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Scaling Elasticsearch on a hyper-converged infrastructure at IHG

This post is a recap of a community talk given at a recent Elastic{ON} Tour event. Interested in seeing more talks like this? Check out the conference archive or find out when the Elastic{ON} Tour is coming to a city near you.

InterContinental Hotels Group, or IHG, is a multinational hospitality company that operates over 5,000 hotels in nearly 100 countries around the globe. IHG’s global technology organization, based in Atlanta, GA, has about 13,000 corporate employees, many of whom are using Elastic to do their jobs. With the success and continued adoption of IHG’s Elastic platform across the company, IHG has explored interesting ways of scaling its infrastructure, most notably the shift to hyper-converged. “We needed a cost-effective way to expand our ELK presence, which is what led us down the path to hyper-converged,” says IHG Systems Engineer Benjie Godfrey.

Hyper-converged infrastructure is an IT framework that aims to increase scalability by combining compute, network, and storage functions in a single box. Converged infrastructure, in contrast, packages compute, network, and storage together as discrete elements within a validated, standardized platform. IHG was one of the first companies to run Elastic on a hyper-converged infrastructure.

IHG first came to Elastic for log aggregation. Initially, IHG was running thousands of Linux virtual machines but wasn't collecting syslog data from those machines. To solve this problem, IHG turned to the Elastic Stack, using Filebeat and Winlogbeat to ship logs from application virtual machines and Windows into Logstash. The data was then fed into a messaging queue before being indexed in Elasticsearch. This made it easy to pull up logs in a single window in Kibana rather than dozens of terminal windows. IHG’s adoption of the Elastic Stack signaled a paradigm shift in how the company thought about data — now, there was an expectation that data could be collected in real time and translated into meaningful, actionable dashboards.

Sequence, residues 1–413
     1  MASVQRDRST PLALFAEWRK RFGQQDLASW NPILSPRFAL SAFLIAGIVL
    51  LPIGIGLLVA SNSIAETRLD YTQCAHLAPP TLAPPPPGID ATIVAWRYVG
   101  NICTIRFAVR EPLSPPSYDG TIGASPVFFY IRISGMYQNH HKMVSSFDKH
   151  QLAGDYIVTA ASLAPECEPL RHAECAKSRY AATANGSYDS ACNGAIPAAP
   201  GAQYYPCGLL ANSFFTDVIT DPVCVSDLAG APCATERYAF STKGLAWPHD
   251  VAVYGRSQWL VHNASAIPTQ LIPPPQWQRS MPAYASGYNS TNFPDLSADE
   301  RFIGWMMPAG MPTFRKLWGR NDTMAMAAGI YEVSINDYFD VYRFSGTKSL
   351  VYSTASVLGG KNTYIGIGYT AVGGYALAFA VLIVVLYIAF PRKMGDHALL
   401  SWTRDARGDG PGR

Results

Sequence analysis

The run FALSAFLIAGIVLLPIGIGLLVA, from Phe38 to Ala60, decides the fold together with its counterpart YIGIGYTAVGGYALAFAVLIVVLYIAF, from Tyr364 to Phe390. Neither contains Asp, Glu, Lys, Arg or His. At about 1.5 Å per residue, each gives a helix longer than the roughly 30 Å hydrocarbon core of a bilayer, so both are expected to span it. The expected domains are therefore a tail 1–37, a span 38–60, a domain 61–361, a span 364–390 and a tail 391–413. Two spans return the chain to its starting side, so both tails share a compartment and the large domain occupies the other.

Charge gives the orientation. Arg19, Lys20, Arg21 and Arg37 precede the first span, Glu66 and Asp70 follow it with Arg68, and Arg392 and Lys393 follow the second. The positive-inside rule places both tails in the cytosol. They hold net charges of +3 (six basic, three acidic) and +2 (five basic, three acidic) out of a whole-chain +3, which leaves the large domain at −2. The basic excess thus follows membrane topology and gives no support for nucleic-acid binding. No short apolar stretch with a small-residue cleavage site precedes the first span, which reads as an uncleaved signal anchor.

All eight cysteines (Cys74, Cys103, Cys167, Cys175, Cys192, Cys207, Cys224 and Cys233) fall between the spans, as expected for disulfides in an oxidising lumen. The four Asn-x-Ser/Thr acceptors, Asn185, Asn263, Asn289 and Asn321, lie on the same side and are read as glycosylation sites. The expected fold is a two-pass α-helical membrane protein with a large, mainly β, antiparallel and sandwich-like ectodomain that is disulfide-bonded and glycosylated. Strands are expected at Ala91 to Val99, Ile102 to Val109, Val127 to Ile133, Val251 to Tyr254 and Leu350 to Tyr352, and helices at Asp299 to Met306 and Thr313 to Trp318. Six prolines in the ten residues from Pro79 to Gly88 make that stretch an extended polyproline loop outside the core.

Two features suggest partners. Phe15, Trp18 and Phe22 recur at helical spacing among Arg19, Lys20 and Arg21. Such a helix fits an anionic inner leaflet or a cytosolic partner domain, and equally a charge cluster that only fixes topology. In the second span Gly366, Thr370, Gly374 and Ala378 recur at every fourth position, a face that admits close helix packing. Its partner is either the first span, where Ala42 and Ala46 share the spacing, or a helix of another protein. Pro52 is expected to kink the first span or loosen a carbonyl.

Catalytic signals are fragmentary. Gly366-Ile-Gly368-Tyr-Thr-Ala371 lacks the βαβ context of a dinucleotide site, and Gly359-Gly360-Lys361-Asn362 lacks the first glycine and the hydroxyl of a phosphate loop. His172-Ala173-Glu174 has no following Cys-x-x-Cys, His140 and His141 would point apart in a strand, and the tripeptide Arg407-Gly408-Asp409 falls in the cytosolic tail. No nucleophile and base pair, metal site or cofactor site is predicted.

IHG’s Elastic platform became popular among the company’s application developer teams, and the amount of data ingested each day increased rapidly. “With that growth came issues,” says Godfrey. In particular, it was clear to Godfrey’s team that IHG’s Elastic platform needed to be expanded, so they began to experiment with their infrastructure to find a solution. “We had some hardware lying around ... converged hardware,” recalls Godfrey. So the team utilized that existing hardware to put together a proof of concept on their corporate cloud. The proof of concept was successful, and they secured funds to make the switch to a hyper-converged infrastructure. They selected Nutanix as their hyper-converged vendor, and worked with Elastic Support to optimize their Elastic deployments on Nutanix nodes.

Now, IHG’s Elastic platform, running on a hyper-converged infrastructure, is managed by a single part-time engineer and can ingest up to 4TB of data per day at both of their deployments, with a maximum index rate of 120,000 messages per second. For IHG, running the Elastic Stack on a hyper-converged infrastructure has been a huge success. “It’s performing. It’s rock solid,” says Godfrey. “It never ever goes down.”

Watch Benjie Godfrey’s full Elastic{ON} Atlanta presentation to learn more about why hyper-converged worked for IHG and the lessons they learned along the way.

Scaling ELK deployments in a hyper-converged infrastructure